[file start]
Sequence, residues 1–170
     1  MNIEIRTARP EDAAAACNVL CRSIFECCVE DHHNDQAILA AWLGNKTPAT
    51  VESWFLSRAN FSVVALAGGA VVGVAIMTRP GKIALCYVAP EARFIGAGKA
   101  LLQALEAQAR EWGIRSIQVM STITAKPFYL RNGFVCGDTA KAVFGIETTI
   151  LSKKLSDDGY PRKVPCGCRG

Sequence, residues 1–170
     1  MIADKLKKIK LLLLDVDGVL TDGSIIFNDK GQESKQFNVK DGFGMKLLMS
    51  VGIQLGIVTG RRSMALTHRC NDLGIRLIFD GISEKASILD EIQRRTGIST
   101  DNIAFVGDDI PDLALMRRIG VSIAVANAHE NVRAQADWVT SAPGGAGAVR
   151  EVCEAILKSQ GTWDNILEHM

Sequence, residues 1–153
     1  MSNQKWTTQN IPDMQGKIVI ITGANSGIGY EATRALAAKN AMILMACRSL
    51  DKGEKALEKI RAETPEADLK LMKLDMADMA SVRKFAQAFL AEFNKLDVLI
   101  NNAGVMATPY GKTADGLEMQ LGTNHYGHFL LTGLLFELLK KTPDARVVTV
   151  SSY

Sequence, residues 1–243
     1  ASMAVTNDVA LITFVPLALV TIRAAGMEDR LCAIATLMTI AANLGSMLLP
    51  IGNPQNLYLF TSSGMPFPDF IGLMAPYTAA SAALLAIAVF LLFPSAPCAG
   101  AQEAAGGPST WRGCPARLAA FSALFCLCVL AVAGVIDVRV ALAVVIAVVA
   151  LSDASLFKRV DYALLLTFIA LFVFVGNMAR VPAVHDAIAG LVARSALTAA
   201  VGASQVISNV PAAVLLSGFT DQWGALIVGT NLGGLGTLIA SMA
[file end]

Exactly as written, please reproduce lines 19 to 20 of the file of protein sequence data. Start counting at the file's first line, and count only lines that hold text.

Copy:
   101  AQEAAGGPST WRGCPARLAA FSALFCLCVL AVAGVIDVRV ALAVVIAVVA
   151  LSDASLFKRV DYALLLTFIA LFVFVGNMAR VPAVHDAIAG LVARSALTAA